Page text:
By: Sandy Pfeiffer
March was one of the busiest months of the year for all of us at the College. So I’ll write a bit more than my usual overview.
During the spring break, many of our students were completing service projects around the country. I’ll start this monthly report by mentioning three such projects. Please know that many more students served on projects than I have space to mention in this report.
Representing the Smoky Mountain Hiking Club and the Appalachian Trail Conservancy, Lamar Powell wrote to me about a group of Warren Wilson students that spent their spring vacation doing a lot of heavy lifting (about 15,000 pounds worth) to maintain the AT. He commented that in his eleven years working on the trail, “I have never met any group that surpassed your students in the efforts to remediate and enhance the condition of the trail. . . . I commend these fine young adults to you as examples of the values Warren Wilson College seeks to instill.” The students listed in his letter are Anna Brannen, Charles Bauman-Smith,
Michael Fink, Chelsea Maier, Mandy Monroe, Leslie Springs, and Franklin Stone.
Another letter of praise for our students came from Jess Shows, executive director of the Pigeon Key Foundation and Marine Service Center in the Florida Keys. Jess wrote that the student volunteers from Warren Wilson “were easily the best group of volunteers we’ve ever had on the island, and made a tremendous positive impact on our facilities. From painting and general maintenance to cleaning and historic preservation, these six students made a world of difference . . . Asher Wright, the Team Leader, was organized, articulate, and demonstrated a true ability to work in and lead a team.” In addition to Asher, the team included Loren Cardeli, Luke Bernard, Katie Kuehl, Scott Mericka, and Rich Kilcullen.
Finally, the 4/1/07 edition of the Asheville Citizen-Times featured an article on a spring break service trip wherein fifteen of our students spent their break working in Louisiana on Hurricane Katrina relief; it was the fifth trip the College has sponsored in this effort. The article notes that “When they returned to Swannanoa, [the students] developed ‘New Orleans Now!’ a slideshow presentation and discussion to stimulate awareness of post-Katrina Gulf Coast issues. They have shared their presentation with colleges, churches, service groups, community centers and schools in the Asheville area.”
These are just three of many service projects completed by our students, demonstrating their commitment to the “service” portion of the academics/service/work Triad of the College. You may know that Warren Wilson is a member of the Campus Compact, a national association of colleges and universities committed to service learning. Just this week I agreed to serve on the Executive Committee of the North Carolina Campus Compact.
MY TRAVEL OFF CAMPUS
March was a month during which I spent some time off campus representing the College at several professional meetings. Along with Joel Adams and Ron Hunt, chair and vice-chair of the Board of Trustees, I attended the national meeting of the Association of Governing Boards in Phoenix, where we discussed fund-raising and media issues, for example. I also attended the North Carolina Independent Colleges and Universities annual meeting at Pinehurst, the Southern University Conference meeting in Asheville, and a Work Colleges Consortium conference in Racine, Wisconsin. Although I was not able to attend the Association of Presbyterian Colleges and Universities meeting last week, the College did send a representative, and I’m planning to attend next year’s meeting.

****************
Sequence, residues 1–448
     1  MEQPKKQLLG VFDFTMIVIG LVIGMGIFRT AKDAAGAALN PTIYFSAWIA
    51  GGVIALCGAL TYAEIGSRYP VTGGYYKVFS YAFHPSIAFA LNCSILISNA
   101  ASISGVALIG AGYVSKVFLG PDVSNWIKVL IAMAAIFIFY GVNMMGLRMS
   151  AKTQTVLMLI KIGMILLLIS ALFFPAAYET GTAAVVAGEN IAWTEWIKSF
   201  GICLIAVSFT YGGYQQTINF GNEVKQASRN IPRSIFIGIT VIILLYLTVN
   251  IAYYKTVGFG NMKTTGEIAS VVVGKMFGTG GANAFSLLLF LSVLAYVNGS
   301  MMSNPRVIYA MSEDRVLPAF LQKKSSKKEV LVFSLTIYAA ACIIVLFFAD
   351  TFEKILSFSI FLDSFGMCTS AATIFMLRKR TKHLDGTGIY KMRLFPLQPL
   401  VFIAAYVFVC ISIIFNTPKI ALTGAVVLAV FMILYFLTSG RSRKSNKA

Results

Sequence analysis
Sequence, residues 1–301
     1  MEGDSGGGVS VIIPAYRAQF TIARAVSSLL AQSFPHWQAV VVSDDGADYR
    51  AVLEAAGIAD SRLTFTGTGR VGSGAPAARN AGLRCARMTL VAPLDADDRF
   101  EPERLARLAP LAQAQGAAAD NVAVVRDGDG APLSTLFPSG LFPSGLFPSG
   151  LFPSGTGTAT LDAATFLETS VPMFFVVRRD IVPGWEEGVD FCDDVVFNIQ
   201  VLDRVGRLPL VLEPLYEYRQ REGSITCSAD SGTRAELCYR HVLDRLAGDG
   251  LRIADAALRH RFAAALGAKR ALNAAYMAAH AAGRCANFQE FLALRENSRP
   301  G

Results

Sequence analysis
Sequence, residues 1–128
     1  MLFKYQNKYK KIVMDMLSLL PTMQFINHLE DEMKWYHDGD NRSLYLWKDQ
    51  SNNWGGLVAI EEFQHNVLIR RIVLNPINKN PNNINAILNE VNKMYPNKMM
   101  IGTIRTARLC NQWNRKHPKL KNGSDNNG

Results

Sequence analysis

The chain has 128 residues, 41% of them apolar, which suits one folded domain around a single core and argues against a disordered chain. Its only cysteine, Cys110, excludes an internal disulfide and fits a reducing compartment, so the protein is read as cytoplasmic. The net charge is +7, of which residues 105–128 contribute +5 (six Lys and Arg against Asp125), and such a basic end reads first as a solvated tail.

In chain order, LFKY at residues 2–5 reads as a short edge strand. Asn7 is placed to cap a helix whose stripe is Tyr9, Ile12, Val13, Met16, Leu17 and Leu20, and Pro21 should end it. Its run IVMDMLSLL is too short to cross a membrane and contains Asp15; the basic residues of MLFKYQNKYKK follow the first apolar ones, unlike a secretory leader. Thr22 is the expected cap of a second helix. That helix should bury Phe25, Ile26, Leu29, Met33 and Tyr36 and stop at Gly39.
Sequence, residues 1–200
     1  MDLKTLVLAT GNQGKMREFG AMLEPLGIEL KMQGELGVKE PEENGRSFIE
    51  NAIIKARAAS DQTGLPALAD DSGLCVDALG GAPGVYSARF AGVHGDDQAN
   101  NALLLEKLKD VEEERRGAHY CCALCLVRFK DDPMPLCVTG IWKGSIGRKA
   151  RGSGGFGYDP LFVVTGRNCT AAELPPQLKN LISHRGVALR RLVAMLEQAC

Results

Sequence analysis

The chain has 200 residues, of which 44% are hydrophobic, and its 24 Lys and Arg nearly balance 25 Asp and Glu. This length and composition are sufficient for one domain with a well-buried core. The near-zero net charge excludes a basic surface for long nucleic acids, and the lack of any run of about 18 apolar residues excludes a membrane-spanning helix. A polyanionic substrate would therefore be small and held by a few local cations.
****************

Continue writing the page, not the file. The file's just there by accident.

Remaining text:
I am very pleased to report that our faculty and students continue to work together on research projects that enrich the teaching and learning experience of this college. Recently, Don Collins (Physics) and Phil Gibson (Environmental Leadership Center) accompanied the following excellent students to the North Carolina Academy of Science meeting at East Carolina University, with awards noted in parentheses: Travis Briggs (firstplace, Ecology); Anna Chollet; Sarah De Leiris; Laura Foulke (third place, Chemistry); Betsy Kain (first place, Environmental Science); George Keel (second place, Physics and Mathematics); Liina Laufer; Will Lyons; Aaron Malenke (second place, Chemistry); Neal Maker (second place, Botany); and Rebecca Worley.
GLOBAL WARMING INITIATIVE
Recently I agreed to serve on the Leadership Circle of the presidents who have signed the American College and University Presidents Climate Commitment. Toward that end I have been talking with other presidents about the need for them to make a similar commitment on their campuses, in order to help neutralize U.S. greenhouse emissions by mid-century. For example, at last month’s Association of Governing Board meeting, I co-chaired two roundtables to provide presidents and board members with information on the Commitment.
As well, I’ll be speaking at the April 14 “Step It Up” rally in Asheville, which is only one of hundreds of similar rallies that will be held around the country to encourage Congress to accelerate progress on addressing the problem of global climate change. I feel fortunate to be a member of a college community that long ago made the commitment to sustainability. But we still have work ahead, both in our progress on campus and in the leadership our faculty, staff, students, and graduates must continue to demonstrate around the country and overseas.